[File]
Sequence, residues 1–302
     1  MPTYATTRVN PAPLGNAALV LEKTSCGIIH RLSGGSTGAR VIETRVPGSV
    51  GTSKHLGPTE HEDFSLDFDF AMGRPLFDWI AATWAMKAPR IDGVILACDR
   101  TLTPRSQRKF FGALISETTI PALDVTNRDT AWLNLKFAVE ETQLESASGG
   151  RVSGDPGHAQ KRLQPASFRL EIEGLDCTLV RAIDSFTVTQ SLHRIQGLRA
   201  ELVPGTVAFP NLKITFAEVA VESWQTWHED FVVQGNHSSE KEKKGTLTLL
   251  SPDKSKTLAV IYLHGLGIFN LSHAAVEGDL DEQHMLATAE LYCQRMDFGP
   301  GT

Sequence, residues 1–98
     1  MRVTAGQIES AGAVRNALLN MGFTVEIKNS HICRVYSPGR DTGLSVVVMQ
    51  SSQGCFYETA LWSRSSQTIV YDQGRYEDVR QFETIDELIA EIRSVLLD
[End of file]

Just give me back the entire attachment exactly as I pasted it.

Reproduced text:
Sequence, residues 1–302
     1  MPTYATTRVN PAPLGNAALV LEKTSCGIIH RLSGGSTGAR VIETRVPGSV
    51  GTSKHLGPTE HEDFSLDFDF AMGRPLFDWI AATWAMKAPR IDGVILACDR
   101  TLTPRSQRKF FGALISETTI PALDVTNRDT AWLNLKFAVE ETQLESASGG
   151  RVSGDPGHAQ KRLQPASFRL EIEGLDCTLV RAIDSFTVTQ SLHRIQGLRA
   201  ELVPGTVAFP NLKITFAEVA VESWQTWHED FVVQGNHSSE KEKKGTLTLL
   251  SPDKSKTLAV IYLHGLGIFN LSHAAVEGDL DEQHMLATAE LYCQRMDFGP
   301  GT

Sequence, residues 1–98
     1  MRVTAGQIES AGAVRNALLN MGFTVEIKNS HICRVYSPGR DTGLSVVVMQ
    51  SSQGCFYETA LWSRSSQTIV YDQGRYEDVR QFETIDELIA EIRSVLLD